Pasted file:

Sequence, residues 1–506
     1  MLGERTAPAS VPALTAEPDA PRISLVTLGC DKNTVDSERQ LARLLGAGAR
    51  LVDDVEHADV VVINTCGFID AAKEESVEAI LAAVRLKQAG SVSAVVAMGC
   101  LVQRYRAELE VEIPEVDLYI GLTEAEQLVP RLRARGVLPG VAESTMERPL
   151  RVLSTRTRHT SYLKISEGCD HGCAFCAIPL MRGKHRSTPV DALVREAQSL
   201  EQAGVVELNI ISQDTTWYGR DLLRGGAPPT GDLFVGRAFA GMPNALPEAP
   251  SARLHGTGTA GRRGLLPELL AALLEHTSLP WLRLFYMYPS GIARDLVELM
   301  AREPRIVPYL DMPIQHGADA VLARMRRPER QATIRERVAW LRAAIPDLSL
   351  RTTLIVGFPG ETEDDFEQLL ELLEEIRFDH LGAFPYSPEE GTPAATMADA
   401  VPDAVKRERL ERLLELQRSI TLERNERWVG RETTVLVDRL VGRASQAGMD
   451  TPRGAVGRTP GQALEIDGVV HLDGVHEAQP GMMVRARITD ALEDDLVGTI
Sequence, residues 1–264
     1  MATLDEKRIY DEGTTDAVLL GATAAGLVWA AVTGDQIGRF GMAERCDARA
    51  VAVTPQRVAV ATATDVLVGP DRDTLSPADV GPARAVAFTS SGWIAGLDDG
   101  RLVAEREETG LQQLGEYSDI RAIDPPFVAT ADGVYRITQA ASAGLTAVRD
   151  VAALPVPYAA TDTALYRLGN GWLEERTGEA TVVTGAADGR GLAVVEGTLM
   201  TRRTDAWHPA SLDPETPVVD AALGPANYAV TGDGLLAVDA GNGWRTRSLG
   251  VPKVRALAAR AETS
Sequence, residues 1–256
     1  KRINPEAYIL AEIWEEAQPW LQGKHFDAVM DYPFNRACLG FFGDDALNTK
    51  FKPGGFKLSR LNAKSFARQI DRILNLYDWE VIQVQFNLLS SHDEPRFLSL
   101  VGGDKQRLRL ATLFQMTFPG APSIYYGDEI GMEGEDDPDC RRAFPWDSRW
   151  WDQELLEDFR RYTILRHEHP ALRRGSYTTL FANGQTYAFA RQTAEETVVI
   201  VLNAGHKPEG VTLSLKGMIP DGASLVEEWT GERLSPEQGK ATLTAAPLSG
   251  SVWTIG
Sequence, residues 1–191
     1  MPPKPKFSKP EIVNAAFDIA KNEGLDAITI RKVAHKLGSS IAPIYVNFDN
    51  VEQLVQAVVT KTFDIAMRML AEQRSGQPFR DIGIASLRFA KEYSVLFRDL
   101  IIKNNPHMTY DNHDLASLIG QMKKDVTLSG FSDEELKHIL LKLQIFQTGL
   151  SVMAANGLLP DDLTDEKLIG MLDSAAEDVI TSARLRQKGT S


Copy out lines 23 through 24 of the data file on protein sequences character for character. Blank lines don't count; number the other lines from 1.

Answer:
   151  WDQELLEDFR RYTILRHEHP ALRRGSYTTL FANGQTYAFA RQTAEETVVI
   201  VLNAGHKPEG VTLSLKGMIP DGASLVEEWT GERLSPEQGK ATLTAAPLSG